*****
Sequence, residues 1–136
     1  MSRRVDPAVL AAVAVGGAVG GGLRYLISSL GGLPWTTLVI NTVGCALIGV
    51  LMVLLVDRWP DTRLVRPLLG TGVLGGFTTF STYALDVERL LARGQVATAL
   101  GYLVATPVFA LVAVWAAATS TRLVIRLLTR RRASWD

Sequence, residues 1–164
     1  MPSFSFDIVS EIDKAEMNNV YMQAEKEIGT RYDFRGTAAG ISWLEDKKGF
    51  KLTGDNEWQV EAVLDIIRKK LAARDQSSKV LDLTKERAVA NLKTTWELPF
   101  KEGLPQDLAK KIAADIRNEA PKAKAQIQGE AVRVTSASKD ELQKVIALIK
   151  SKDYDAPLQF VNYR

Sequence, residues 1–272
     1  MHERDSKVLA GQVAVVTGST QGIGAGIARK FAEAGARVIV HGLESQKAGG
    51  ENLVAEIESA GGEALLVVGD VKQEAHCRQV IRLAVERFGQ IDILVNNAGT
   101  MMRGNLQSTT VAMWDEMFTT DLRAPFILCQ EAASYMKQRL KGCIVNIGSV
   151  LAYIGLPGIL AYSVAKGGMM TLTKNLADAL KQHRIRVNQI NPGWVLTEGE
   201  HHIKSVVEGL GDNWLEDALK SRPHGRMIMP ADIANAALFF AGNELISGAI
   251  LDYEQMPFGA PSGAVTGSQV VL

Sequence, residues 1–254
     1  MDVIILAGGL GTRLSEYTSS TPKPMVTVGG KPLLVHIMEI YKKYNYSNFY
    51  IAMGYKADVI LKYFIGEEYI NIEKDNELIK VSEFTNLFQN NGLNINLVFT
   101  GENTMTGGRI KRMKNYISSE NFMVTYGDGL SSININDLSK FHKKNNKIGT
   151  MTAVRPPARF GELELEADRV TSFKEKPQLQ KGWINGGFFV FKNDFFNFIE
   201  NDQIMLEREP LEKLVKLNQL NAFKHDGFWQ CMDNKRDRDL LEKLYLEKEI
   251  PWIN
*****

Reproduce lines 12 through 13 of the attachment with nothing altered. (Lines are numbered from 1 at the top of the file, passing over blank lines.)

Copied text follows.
    51  ENLVAEIESA GGEALLVVGD VKQEAHCRQV IRLAVERFGQ IDILVNNAGT
   101  MMRGNLQSTT VAMWDEMFTT DLRAPFILCQ EAASYMKQRL KGCIVNIGSV